Debate rages on over fate of Confederate monuments in Arizona
Civil rights leaders in Arizona are calling on Gov. Doug Ducey (R) to remove Confederate monuments in the state.
The renewed push came, just days after the deadly white supremacist rally in Charlottesville, Virginia.
"These monuments of terror, these monuments of hatred must come down," said Rev. Reginald Walton, the Pastor for Phillips Memorial Christian Methodist Episcopal Church. "They have no place in our society. At best, they belong in a museum."
"Governor Ducey has to take a strong stance here in Arizona, to let Arizonans know he will not tolerate any hateful acts," said Roy Tatem, President of the East Valley NAACP.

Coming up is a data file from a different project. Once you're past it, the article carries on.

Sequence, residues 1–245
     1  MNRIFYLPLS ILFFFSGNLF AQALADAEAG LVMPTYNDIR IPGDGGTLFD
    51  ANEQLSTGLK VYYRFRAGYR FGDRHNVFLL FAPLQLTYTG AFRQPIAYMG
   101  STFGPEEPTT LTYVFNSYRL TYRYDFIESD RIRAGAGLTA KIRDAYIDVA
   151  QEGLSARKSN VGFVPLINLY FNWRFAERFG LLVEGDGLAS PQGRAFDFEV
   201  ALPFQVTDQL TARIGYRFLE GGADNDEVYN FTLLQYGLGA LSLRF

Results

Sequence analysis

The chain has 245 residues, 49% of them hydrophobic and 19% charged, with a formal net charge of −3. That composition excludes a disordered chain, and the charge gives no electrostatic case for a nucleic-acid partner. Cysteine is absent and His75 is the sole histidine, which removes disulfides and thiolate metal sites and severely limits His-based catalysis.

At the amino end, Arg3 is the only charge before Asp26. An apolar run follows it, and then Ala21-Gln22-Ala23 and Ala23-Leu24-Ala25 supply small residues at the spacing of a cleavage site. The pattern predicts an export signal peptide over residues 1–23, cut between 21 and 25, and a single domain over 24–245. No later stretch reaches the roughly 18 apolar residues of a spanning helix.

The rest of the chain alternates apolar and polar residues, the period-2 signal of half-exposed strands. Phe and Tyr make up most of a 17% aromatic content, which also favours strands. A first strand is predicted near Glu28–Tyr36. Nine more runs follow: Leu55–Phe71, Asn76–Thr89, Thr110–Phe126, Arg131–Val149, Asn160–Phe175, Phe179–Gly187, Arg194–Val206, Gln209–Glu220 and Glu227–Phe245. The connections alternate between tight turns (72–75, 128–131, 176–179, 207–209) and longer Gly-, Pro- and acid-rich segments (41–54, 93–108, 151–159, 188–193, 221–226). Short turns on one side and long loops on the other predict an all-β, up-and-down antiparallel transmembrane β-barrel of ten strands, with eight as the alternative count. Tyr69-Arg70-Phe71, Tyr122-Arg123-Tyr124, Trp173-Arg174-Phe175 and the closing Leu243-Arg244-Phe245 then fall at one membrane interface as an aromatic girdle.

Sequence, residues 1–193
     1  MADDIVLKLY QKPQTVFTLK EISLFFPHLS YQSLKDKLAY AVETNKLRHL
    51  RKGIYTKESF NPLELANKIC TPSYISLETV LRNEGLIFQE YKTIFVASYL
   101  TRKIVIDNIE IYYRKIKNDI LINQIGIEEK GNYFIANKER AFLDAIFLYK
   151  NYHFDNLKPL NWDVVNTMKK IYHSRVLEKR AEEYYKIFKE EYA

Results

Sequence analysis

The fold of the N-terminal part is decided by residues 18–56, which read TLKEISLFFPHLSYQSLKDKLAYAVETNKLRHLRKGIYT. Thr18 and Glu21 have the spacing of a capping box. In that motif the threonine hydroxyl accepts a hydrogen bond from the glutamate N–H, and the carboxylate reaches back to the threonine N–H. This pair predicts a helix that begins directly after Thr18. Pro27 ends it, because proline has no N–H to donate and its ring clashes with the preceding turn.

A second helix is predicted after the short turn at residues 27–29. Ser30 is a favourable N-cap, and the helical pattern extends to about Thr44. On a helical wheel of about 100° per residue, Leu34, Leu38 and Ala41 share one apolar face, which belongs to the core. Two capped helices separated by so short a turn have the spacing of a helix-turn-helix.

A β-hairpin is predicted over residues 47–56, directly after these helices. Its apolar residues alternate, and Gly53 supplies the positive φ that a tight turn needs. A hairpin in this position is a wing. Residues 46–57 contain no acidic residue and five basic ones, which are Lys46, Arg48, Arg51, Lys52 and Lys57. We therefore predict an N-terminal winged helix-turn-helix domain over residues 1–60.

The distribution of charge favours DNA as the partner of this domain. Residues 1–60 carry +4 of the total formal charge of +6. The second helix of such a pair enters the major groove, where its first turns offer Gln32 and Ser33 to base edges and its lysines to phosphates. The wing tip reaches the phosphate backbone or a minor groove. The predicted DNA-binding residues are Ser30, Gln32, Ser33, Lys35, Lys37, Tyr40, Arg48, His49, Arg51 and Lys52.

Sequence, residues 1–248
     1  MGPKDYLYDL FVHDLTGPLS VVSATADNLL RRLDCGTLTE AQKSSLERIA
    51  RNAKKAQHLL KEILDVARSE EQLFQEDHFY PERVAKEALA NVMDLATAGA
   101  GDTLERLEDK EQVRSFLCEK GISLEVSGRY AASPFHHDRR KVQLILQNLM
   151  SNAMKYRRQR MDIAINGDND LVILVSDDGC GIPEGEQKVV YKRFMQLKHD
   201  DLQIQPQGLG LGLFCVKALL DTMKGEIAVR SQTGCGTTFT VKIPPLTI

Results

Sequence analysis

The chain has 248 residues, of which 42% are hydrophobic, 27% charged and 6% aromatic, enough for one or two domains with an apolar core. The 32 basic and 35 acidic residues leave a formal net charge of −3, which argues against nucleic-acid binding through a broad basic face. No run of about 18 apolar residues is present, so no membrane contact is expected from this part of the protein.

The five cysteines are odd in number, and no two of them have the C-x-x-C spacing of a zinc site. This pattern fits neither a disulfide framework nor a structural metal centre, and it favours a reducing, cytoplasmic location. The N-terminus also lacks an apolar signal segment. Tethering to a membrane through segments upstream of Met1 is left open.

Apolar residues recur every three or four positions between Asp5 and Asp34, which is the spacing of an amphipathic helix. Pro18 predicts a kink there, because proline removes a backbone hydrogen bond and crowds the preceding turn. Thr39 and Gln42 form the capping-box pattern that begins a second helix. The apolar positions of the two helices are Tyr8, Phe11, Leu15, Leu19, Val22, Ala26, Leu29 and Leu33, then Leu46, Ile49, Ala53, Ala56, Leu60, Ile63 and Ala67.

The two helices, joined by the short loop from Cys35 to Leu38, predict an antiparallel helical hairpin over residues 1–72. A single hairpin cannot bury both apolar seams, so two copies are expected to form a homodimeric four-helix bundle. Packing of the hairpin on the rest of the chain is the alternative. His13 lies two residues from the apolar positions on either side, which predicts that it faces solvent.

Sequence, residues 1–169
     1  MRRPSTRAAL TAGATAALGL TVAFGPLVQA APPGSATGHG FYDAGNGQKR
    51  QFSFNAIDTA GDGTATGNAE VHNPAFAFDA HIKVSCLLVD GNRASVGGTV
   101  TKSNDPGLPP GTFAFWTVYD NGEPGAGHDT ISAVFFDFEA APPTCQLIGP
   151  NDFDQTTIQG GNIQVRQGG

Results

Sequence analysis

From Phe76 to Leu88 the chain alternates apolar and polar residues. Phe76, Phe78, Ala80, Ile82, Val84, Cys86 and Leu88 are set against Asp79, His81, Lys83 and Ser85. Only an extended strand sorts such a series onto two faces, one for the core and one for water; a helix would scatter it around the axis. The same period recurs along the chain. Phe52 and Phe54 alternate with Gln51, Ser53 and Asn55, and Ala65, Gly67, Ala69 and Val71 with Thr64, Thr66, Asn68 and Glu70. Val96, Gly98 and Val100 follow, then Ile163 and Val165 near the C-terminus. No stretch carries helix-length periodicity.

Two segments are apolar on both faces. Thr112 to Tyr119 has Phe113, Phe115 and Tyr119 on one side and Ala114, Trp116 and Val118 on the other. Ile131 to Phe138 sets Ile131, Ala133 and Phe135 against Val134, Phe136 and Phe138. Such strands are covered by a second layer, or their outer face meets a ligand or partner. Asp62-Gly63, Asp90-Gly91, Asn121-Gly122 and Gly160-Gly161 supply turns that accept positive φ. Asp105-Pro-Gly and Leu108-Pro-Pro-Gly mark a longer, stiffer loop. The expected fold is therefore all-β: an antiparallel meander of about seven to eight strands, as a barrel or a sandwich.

Gov. Ducey condemned hate groups on Monday, like the ones that marched in Charlottesville, but when pressed about the monuments, Gov. Ducey said it was "not his desire or mission to tear down any monuments or memorials", and pointed out that there is a public process for removing monuments.
Local leaders, however, want Gov. Ducey to start that process.
"You cannot have it both ways," said Rev. Walton.
"We would like for Gov. Ducey to take the lead, to take the lead and open up the doors and call a meeting," said Tatem.
There are six Confederate monuments on Arizona public lands, including one at the State Capitol, west of Downtown Phoenix.